Gaining a proper understanding of the Scriptures requires us to take note of who is speaking and unto whom they are speaking. Jesus never promised that all men would be baptized with the Holy Spirit. This promise was made to the apostles, not to all of mankind (Acts 1:2-5).

Some people object to this conclusion by claiming that John the Baptist taught that Jesus would baptize all men with the Holy Spirit. “I indeed baptize you with water unto repentance, but He who is coming after me is mightier than I, whose sandals I am not worthy to carry. He will baptize you with the Holy Spirit and fire” (Matthew 3:11).

John was speaking to a mixed group of individuals on this occasion, some of whom would receive the baptism of fire (Hell, v. 12), and some of whom would receive the baptism of the Holy Spirit. John was not talking about who would receive these baptisms, but who would administer these baptisms: John baptized with water and Jesus would baptize with the Holy Spirit and with fire.

We previously noted that the outpouring of the Holy Spirit on the apostles in Acts chapter two was a fulfillment of a prophecy made by Joel. Some contend that the statement in Joel’s prophecy, “I will pour out of My Spirit on all flesh” (Acts 2:17) means that all believers will receive Holy Spirit baptism.

At Pentecost, the Holy Spirit was poured out in such a way that it affected all flesh (men and women, young and old, Jew and Gentile). Some received the miraculous gifts of the Holy Spirit in a limited measure: prophesying, seeing visions and dreams, etc. However, these gifts were made possible by the laying on of the apostles’ hands (Acts 8:18). All believers certainly benefited from the work that the Spirit did through the apostles, but they did not receive the Spirit in the same measure as did the apostles. Only the apostles were baptized in the Holy Spirit.

The Purpose of the Baptism of the Holy Spirit

As we have pointed out, some believe that the baptism of the Holy Spirit is essential for man’s salvation. Others claim that it is the means by which one becomes a complete Christian. The Bible, however, teaches that the purpose of the baptism of the Holy Spirit was to empower or equip the apostles to do their work (Luke 24:46-49, Acts 1:8). This was done when they were baptized with the Holy Spirit in Jerusalem in Acts chapter two.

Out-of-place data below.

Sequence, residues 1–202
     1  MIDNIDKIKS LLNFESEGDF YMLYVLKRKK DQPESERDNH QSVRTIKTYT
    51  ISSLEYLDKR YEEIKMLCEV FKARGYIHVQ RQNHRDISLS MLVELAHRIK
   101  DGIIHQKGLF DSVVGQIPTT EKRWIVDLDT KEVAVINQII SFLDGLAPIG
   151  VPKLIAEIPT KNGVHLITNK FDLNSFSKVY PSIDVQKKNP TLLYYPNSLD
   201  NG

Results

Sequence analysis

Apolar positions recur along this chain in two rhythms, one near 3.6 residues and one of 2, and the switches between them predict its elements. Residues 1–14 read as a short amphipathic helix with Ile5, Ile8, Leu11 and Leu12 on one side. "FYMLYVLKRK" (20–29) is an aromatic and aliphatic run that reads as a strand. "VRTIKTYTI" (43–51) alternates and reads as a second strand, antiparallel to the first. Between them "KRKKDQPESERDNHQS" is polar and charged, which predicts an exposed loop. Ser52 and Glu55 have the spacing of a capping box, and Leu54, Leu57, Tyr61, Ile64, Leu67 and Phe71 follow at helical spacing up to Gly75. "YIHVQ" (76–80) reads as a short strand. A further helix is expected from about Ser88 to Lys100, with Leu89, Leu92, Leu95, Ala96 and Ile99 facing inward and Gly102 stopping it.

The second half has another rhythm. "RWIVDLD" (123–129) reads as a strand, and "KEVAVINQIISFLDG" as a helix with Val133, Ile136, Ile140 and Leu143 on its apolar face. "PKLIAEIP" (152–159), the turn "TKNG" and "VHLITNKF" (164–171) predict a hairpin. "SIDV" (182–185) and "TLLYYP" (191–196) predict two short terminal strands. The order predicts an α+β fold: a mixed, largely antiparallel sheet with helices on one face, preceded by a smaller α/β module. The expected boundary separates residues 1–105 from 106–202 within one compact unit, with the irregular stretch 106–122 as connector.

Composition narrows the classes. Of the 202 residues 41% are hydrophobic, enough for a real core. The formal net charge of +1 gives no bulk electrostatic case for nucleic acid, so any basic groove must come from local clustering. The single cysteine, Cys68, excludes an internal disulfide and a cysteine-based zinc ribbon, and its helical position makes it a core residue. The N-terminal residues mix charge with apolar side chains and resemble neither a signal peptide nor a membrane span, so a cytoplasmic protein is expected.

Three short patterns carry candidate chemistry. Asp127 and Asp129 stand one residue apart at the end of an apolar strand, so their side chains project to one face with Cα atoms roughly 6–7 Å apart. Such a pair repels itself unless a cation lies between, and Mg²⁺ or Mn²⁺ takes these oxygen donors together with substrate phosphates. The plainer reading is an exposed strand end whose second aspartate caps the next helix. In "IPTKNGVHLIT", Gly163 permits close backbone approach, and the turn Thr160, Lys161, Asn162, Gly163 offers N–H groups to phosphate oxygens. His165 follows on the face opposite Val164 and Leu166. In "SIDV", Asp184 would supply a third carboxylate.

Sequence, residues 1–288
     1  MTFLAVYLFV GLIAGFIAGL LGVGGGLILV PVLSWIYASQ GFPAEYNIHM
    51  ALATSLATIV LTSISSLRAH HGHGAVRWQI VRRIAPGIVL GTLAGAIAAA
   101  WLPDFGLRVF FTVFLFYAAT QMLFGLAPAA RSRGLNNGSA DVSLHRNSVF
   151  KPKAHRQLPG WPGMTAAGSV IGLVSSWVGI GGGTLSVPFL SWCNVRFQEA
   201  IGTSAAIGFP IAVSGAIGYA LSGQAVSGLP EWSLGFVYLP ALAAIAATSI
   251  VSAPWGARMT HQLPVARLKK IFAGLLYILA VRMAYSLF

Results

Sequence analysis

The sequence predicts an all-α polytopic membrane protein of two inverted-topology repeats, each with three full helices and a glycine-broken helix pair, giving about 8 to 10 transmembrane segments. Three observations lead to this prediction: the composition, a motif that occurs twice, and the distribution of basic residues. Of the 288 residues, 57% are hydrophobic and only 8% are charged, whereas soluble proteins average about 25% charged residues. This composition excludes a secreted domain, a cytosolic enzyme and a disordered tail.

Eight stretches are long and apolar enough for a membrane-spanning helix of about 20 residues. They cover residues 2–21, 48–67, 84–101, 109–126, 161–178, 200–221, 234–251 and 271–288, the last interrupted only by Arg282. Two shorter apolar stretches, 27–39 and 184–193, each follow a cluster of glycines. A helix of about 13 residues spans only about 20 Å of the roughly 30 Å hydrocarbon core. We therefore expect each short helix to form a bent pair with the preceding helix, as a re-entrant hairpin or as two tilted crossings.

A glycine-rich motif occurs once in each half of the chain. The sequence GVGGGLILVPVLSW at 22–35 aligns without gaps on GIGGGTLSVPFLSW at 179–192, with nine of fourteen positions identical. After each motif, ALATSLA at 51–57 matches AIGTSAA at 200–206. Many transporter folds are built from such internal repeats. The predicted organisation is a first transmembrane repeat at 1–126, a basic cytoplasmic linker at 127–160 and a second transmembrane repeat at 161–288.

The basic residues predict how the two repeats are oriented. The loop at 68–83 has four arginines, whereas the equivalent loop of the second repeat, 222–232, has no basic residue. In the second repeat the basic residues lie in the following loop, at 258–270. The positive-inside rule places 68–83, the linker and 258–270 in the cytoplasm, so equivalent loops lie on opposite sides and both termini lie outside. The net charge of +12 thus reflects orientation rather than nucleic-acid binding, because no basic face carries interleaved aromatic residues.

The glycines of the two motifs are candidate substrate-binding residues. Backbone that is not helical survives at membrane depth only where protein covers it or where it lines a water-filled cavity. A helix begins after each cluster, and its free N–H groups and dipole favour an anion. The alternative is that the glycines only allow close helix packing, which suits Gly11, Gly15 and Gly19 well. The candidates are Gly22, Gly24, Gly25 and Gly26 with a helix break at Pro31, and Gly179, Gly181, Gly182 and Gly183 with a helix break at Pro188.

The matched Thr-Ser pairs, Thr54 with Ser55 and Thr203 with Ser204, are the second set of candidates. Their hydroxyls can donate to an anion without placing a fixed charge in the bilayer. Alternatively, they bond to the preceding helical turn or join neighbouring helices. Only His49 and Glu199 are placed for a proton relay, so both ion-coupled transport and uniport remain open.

After being baptized with the Holy Spirit, the apostles had the ability to:

  1. Reveal divine truth regarding Christ, His resurrection, and the conditions for entrance into His kingdom (John 14:26, 16:12-13).
  2. Perform signs and wonders to confirm this truth (Acts 2:4-6, 33, 43).
  3. Impart spiritual gifts to others (Acts 8:18).

According to the Bible, the baptism of the Holy Spirit was the means by which the apostles were equipped to do their work. Jesus never indicated that the office of an apostle was to be passed on from the original twelve. None of the apostles ever taught that men were to take their place. Since the apostles occupied a temporary role in the Lord’s church, there is no need for the baptism of the Holy Spirit to take place today.

What About the Household of Cornelius?

Those at the household of Cornelius experienced a baptism of the Holy Spirit (Acts 10:44-48). Does this prove that such was a common occurrence in the First Century and, thus, should happen to all true believers today?

The baptism of the Holy Spirit that occurred on Pentecost equipped the apostles, but it also served as a sign to the unbelievers who were present in Jerusalem. It attracted their attention and gave credibility to the message that was preached by the apostles.

The baptism of the Holy Spirit that occurred at the household of Cornelius was also a sign, but the unbelievers in this case were Peter and the six Jewish Christians who were with him.

Notice three things that Peter did when the Holy Spirit fell upon these Gentiles:

  1. He recognized it as that which had happened to the apostles on Pentecost (Acts 11:15).
  2. He identified it as Holy Spirit baptism (Acts 11:16).
  3. He immediately concluded that these Gentiles were appropriate candidates for water baptism (Acts 10:47-48, 11:17).

The baptism of the Holy Spirit that occurred at the house of Cornelius was a special occurrence for a special purpose; unique to that account of conversion. It was just one of several extraordinary things that God did to get Peter and the rest of the Jewish Christians to understand that the Gentiles were to receive the gospel (an angel appeared to Cornelius and told him to send for Peter; a vision appeared to Peter three times, in which Peter was admonished not to call that which God had cleansed “common” or “unclean;” the Holy Spirit told Peter to go with the Gentiles to the house of Cornelius, doubting nothing).

Conclusion

As was noted in our study, some people believe that those who have not received Holy Spirit baptism are “immature, carnal, disobedient, or otherwise incomplete Christians.” Paul did not encourage Christians to be baptized in the Holy Spirit. He said that “all Scripture” was the means by which “the man of God may be complete, thoroughly equipped for every good work” (2 Timothy 3:17).

Holy Spirit baptism served its purpose. We can benefit from the work that the Holy Spirit did through the apostles when we study the New Testament, but we were never promised that we would receive the Holy Spirit in the same measure in which it was received by the apostles.